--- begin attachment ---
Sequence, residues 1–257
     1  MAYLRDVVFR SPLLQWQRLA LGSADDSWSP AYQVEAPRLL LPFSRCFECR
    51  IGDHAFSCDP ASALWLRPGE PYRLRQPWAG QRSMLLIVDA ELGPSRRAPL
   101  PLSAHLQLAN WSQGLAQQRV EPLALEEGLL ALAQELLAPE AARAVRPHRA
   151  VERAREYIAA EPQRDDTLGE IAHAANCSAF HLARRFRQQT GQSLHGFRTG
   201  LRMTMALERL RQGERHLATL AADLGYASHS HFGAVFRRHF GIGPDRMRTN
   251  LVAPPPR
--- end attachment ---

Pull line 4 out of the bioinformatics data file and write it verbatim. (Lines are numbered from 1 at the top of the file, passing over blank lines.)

   101  PLSAHLQLAN WSQGLAQQRV EPLALEEGLL ALAQELLAPE AARAVRPHRA